Numerous stories exist about how Lee spent his life from that point on. Some say he moved abroad; some say he moved to London. Two Lee enthusiasts conducted research in 2009 and placed his grave in Milwaukee, Wisconsin. That same research claimed Lee deserted his wife and children in Britain after his release from prison for a second family in the U.S.
Templar went insane and died at an early age. Witnesses say he “babbled about murder on his death bed.”
John Henry George Lee rose to infamy as “The man they couldn’t hang.” His name went on record as “the only person in the world to survive three hangings.” But was he?
A little digging led me to an English criminal named Joseph Samuels. In 1801, a jury convicted Samuels of robbery at the tender age of 15 years old and shipped him to Australia, to serve his time at a penal colony in Sydney Cove.
Security in those early penal settlements were reinforced by isolation—prison guards trusted the Australian wildlife to hunt and kill any escapees.
Despite the risk to life and limb, Samuels and his gang of thieves succeeded in escaping. Once they were safe from the confines of prison, the unruly bunch robbed a wealthy woman’s house. They were in the process of stealing a bag filled with gold and silver coins from her desk when a policeman showed up. One of the gang members shot and killed him. Because Samuels had some of the stolen coins in his pocket when he was eventually caught, the police believed they’d snagged a cop-killer. The wealthy woman also identified Samuels as one of the robbers.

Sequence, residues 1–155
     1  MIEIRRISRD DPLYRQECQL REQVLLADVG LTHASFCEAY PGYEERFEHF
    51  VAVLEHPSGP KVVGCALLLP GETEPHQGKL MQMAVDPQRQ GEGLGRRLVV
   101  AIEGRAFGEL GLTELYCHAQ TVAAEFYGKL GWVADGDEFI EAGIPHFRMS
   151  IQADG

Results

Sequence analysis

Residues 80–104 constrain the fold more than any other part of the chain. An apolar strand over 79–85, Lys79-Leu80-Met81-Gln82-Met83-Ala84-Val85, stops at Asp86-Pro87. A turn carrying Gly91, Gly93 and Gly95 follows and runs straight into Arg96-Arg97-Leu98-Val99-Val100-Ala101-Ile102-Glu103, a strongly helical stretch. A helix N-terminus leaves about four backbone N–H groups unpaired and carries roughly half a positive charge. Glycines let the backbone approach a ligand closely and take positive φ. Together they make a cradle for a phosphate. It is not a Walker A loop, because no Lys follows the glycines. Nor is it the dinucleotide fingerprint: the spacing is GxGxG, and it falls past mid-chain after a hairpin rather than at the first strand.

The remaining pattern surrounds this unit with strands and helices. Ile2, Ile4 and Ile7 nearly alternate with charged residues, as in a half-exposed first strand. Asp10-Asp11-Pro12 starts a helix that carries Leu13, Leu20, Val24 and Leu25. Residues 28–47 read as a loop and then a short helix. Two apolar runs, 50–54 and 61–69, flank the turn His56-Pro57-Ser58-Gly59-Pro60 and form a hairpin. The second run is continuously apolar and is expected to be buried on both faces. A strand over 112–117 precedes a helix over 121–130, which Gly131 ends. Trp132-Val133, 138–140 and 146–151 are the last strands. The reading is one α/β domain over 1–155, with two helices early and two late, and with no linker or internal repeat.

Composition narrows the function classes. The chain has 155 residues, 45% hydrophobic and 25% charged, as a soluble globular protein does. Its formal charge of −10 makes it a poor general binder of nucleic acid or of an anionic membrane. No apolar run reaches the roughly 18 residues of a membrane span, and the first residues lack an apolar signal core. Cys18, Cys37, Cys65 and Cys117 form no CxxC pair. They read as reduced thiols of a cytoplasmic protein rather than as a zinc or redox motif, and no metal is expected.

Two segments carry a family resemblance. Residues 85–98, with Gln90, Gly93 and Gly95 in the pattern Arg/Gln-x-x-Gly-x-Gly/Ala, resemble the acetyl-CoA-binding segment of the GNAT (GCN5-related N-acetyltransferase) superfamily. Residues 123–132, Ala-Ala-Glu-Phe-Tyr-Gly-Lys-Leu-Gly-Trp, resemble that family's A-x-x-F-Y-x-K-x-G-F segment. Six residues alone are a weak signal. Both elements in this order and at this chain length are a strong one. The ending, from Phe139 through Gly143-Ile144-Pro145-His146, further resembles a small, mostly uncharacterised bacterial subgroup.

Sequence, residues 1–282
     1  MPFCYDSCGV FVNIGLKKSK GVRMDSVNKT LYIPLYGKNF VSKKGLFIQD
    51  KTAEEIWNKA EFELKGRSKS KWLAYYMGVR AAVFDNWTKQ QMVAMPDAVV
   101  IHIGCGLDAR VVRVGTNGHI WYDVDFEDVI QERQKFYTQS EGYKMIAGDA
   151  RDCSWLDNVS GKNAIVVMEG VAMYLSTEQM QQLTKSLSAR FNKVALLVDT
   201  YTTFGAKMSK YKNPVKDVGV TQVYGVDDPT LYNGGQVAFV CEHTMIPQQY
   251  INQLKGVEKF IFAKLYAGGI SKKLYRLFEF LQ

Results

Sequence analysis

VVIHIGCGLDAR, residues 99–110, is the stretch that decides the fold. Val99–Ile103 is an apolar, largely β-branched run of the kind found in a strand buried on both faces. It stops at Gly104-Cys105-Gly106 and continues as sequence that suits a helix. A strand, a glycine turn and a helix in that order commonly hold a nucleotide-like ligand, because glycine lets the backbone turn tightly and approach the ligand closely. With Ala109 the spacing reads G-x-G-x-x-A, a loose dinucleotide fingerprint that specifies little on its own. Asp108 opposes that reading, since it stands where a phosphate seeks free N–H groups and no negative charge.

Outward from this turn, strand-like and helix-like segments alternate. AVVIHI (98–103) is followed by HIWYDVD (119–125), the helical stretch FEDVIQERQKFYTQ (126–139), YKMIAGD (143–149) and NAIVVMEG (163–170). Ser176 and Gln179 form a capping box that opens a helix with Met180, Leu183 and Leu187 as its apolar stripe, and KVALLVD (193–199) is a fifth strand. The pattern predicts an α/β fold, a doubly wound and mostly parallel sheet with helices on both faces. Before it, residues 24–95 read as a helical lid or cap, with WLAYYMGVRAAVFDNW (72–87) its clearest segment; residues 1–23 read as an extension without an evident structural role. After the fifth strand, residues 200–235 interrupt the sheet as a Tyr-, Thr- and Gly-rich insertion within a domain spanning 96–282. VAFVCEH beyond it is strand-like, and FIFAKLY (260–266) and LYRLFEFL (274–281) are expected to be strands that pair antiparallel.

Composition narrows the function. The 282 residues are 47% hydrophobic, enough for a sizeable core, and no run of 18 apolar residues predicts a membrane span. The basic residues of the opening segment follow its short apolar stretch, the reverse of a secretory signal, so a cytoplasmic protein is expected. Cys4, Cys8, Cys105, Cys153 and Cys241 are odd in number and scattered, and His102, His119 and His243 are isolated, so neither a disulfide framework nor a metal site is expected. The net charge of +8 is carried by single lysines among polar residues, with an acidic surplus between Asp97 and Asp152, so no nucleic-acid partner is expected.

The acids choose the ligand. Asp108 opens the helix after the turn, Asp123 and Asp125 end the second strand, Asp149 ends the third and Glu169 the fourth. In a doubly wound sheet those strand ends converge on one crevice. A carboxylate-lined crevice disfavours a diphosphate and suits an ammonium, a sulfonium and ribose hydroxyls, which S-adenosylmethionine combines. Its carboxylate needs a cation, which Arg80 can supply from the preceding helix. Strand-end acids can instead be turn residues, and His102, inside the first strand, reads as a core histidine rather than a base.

After an intense interrogation, Samuels confessed to the robbery but claimed he had no part in the murder. Almost all of Samuels’ fellow gang members were acquitted due to lack of evidence, except one—Isaac Simmonds, who admitted nothing.
Samuels, however, was sentenced to hang.
On September 26, 1803, twenty-three-year-old Samuels and another prisoner stood before a crowd of onlookers, cheering for the event to begin. Back then, Australia didn’t employ a drop-hanging method of execution. Instead, they placed the prisoner on a cart pulled by a horse. Once the noose was slipped over the prisoner’s head and secured, the executioner would slap the horse to get him to take off. This resulted in the prisoner slowly strangling while being dragged to his death. Five thick cords of hemp made up the rope that reportedly could hold 1,000 pounds without breaking.
Could divine intervention save young Samuels, too?